An Ankara court on Monday ordered academic Nuriye Gülmen, who has been on hunger strike for months to protest about losing her job in the government's purge since a failed coup attempt last year, to remain in prison despite the prosecutor's call for release.
The prosecutor demanded the release of Gülmen on the ground that "there is no escape the suspicion" and "no possibility to obfuscate the evidence". The decision to keep Gülmen, on trial over terror charges, in jail comes after last month's release of teacher Semih Özakça who is also on hunger strike and facing similar charges.
Authorities transferred Gülmen into intensive care in September but her family said this was against her will. Giving her defence by video link from her hospital room, Gülmen said her right to defence had been violated in the case.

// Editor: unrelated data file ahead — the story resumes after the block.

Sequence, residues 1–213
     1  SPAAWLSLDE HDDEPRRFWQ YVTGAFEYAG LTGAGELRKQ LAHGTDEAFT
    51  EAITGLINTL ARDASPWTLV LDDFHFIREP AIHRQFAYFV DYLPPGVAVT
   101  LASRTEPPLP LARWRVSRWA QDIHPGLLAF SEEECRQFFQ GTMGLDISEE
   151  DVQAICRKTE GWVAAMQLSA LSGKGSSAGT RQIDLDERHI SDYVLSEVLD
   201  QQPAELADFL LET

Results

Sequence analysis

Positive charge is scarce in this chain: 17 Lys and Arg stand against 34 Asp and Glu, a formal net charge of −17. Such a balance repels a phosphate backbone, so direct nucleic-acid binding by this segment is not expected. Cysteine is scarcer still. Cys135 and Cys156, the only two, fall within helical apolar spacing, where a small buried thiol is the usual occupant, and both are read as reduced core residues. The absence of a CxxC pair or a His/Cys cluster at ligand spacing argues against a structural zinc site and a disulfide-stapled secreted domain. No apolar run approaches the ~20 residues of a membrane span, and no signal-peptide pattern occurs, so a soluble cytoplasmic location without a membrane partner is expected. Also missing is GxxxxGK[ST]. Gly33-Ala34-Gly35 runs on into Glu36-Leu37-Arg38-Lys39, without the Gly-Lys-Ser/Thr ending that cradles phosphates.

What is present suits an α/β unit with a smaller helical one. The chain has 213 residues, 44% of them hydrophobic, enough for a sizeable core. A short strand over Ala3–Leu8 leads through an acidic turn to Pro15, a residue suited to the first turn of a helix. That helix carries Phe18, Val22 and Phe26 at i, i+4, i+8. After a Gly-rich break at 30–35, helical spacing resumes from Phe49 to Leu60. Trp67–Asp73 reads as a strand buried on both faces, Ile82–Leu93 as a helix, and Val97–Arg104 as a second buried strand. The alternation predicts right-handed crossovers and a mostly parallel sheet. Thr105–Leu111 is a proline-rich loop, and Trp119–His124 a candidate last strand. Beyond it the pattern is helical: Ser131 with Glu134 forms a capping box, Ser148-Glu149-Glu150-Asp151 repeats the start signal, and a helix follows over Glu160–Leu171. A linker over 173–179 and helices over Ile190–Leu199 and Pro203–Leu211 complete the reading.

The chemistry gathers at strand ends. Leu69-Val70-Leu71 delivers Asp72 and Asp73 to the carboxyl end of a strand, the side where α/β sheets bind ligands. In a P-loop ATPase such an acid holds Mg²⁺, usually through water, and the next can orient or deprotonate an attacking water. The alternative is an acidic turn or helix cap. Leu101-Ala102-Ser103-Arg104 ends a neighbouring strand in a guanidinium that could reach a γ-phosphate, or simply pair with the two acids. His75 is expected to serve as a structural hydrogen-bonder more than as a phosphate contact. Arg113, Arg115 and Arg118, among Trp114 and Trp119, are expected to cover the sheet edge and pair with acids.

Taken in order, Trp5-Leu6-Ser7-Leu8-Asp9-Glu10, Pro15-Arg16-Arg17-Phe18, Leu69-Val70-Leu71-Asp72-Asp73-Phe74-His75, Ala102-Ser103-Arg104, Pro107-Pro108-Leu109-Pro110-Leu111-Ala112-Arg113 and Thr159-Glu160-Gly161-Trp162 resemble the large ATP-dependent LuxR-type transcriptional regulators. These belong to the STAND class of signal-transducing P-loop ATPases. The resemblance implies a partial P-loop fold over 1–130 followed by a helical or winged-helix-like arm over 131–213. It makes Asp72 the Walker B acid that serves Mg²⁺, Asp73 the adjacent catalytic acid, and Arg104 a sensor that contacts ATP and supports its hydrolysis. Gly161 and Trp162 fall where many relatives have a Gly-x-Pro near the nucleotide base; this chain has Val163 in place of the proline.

"In order to defend myself effectively, I want to be released and I want to give my defence statement in the hearing myself. I do not expect a favour from you; I just want you to practice the general principles of law," Gülmen said.
"I have experienced a process that is like torture. I have been here [at Numune Hospital] for two months," she added.
The hearing was adjourned to Dec. 1, 2017.
There are concerns over the health of hunger strikers who are only consuming salty or sugary water, herbal tea and vitamin B1. They have been on hunger strike for 264 days.
Primary school teacher Semih Özakça and academic Nuriye Gülmen have been on hunger strike over their sacking by government decree under the state of emergency imposed after last year's attempted overthrow of Turkish President Recep Tayyip Erdoğan.
After their dismissal in late 2016, Gülmen and Özakça protested daily in central Ankara, then began a hunger strike on March 9. They were detained in May over alleged links to the militant leftist DHKP-C group, deemed a terrorist organisation by Turkey. The Turkish government targeted them because of their protest and hunger strike.
Özakca was released on October 20 but was ordered to remain at home and only allowed outside for any approved hospital visits or to attend court hearings.